White Wagtail (Motacilla alba alba)   

White Wagtail on the Isle of Man, April 19th 2005
 © Chris of www.iombirding.co.uk .

The White Wagtail and Pied Wagtail (M. a. yarrelli) are different races of the same species with the White breeding in most of Europe outside the UK, and the Pied breeding almost exclusively in this country.  As can be seen from the photograph the White Wagtail is a much greyer bird than the Pied, especially males in summer plumage. There is some overlap of wintering birds but White Wagtails tend to move further south into north Africa where they are often found around oasis in the Sahara desert.
The White Wagtails we see in this country in spring are on the way to Iceland to breed, an amazing feat for such a small bird! They are one of the first of the migrants to reach here in March, in 2003 they arrived very early on the 6th but this year (2006) the first one wasn't seen until the 19th. Numbers peak in April, mostly just a steady trickle but every now and again larger numbers are seen with Hoylake shore being a particularly favoured spot. Max numbers at Hoylake over the past three years are 175 on April 27th 2003, 200 on April 14th 2004 and 100 on April 22nd 2005. Hilbre Island is also an excellent site for this species with birds seen almost daily through the main migration period.

1. BTO Migration Atlas, 2002.
2. Birds of the Western Palearctic, DVD edition.
3. Lancashire Bird Reports 2003 and 2004.
4. Cheshire and Wirral Bird Reports 1981 to 2004.
5. Dee Estuary Voluntary Wardens Reports 2000 and 2001.
6. Dee Estuary WeBS Report 2004/2005.

Richard Smith

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Voluntary Wardening Scheme at
Neston Reed Bed

One door closes, another opens! As our Point of Ayr scheme finishes another exciting volunteer opportunity has arisen at Neston reedbed. We’re looking for volunteers to patrol the reedbed during weekday evenings and at weekends to help protect the site and prevent disturbance to nesting bearded tits.

Own transport is essential. For further details please call the RSPB warden on 0151 336 7681 or email Geoffrey.Robinson@RSPB.org.uk .

Geoff Robinson (RSPB)

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Little Terns at Gronant - Appeal for Voluntary Wardens
Gronant is a great place to be in the summer, it is home to between 70 and 100 pairs of Little Terns - the only colony in Wales and one of the biggest in Great Britain. There are also always lots of Sandwich Terns about, Gannets, Manx Shearwaters and Common Scoters out to sea, a good selection of waders, some of which breed here, and the usual marshland warblers.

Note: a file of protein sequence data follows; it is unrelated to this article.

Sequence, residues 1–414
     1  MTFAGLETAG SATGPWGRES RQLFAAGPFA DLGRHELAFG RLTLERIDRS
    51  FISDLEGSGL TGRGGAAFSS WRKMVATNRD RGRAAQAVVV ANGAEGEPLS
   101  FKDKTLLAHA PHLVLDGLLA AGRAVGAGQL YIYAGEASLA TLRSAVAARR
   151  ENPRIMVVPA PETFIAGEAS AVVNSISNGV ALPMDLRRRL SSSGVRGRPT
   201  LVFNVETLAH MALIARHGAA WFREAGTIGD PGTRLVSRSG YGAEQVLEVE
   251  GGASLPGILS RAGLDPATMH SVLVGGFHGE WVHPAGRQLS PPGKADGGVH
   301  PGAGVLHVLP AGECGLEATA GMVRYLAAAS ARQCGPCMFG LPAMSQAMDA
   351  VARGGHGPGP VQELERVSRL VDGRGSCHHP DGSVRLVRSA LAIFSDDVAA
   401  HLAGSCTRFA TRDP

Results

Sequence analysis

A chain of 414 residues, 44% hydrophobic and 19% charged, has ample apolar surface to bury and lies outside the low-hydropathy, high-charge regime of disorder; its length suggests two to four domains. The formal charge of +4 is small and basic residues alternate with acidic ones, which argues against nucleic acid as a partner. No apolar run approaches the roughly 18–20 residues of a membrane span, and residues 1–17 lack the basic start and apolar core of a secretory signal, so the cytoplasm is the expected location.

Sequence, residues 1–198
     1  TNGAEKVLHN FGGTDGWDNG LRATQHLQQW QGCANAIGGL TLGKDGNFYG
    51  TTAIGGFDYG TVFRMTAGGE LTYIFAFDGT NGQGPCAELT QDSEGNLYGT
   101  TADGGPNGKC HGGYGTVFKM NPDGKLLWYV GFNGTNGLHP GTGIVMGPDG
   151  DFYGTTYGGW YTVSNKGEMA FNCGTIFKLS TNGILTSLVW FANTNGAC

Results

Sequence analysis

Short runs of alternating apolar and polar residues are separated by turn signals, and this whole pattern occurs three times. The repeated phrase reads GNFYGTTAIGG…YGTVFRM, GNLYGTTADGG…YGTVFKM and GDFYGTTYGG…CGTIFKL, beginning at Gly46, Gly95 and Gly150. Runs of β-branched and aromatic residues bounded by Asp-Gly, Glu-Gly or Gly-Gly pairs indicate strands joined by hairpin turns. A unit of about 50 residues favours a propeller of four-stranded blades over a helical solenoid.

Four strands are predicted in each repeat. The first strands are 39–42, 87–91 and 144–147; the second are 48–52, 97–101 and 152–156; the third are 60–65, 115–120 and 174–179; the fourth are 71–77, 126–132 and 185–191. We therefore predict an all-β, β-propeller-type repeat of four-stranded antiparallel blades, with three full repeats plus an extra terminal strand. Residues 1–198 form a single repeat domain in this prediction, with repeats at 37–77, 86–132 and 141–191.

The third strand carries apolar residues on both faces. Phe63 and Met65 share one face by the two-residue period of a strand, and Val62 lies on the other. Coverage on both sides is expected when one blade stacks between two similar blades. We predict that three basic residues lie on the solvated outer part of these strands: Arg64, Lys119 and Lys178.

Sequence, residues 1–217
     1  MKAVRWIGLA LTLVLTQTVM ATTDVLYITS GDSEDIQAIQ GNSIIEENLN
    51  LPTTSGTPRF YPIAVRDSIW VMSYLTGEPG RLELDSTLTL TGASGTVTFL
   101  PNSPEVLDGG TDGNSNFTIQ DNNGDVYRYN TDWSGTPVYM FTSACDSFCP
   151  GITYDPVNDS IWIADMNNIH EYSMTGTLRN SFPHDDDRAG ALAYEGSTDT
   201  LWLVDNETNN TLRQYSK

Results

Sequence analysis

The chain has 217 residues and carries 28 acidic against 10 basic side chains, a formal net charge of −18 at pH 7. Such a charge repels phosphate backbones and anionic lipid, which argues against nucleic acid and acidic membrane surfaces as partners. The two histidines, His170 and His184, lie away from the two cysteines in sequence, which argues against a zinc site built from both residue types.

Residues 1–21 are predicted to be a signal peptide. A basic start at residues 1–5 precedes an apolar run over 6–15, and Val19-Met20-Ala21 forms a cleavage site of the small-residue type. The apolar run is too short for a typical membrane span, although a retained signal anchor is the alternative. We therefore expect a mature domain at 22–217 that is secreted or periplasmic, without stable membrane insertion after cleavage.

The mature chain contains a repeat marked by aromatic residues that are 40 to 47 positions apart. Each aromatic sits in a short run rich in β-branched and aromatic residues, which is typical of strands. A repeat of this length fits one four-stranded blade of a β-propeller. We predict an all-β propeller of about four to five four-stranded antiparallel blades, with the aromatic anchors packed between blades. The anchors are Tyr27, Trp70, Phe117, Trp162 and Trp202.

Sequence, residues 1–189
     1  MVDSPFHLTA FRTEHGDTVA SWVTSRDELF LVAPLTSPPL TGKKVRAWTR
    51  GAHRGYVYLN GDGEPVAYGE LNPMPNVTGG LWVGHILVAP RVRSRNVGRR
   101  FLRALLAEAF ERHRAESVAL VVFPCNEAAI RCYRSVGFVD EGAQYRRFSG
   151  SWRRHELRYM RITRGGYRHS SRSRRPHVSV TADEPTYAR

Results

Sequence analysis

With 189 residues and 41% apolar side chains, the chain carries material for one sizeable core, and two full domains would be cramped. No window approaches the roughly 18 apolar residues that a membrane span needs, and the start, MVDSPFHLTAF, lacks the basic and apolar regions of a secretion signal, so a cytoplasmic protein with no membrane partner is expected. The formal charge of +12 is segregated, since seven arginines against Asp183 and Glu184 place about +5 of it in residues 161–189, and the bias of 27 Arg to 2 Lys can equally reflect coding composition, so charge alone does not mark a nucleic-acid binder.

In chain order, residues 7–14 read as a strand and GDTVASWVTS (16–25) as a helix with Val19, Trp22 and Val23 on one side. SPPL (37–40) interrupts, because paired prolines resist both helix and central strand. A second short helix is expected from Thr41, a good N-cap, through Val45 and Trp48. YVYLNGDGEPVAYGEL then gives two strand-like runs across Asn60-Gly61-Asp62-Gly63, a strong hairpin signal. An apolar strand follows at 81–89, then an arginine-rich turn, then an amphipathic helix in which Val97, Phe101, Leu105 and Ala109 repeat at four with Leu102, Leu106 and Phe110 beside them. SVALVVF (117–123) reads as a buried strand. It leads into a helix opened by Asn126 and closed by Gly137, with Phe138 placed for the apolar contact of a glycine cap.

The Little Tern colony wouldn't exist without the wardening scheme which protects them from both human disturbance and predators - mainly crows, kestrels and foxes. So once again we are appealing for people to have a go at wardening. The Denbighshire Countryside Service are organising the voluntary wardens again this year so if you want to volunteer email Garry Davies at garry.davies@denbighshire.gov.uk. Garry can also be contacted by phone - 01745 356197 or 07884490345. Wardens are present every day from late May to early August so if you want to know what is involved just come down and have a chat, or contact me, Richard Smith, by   for more details; 2006 will be my seventh year of voluntary wardening and I've enjoyed every minute! For directions see http://www.deeestuary.co.uk/gronant.htm.

 Little Terns at Gronant, July 2005, © Jim Armstrong

Richard Smith

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March Bird News
High spring tides dominated the birdwatching this month with the sea covering the marsh at Parkgate, Burton and elsewhere on a total of five days, including on the 30th when we had the highest tide for over 20 years. With birds starting to disperse to their breeding grounds through the month the earlier tides produced the most birds. Highlights at Parkgate included seven Short-eared Owls, four Spotted Redshank, approx 12 Water Rail and approx 12 Jack Snipe.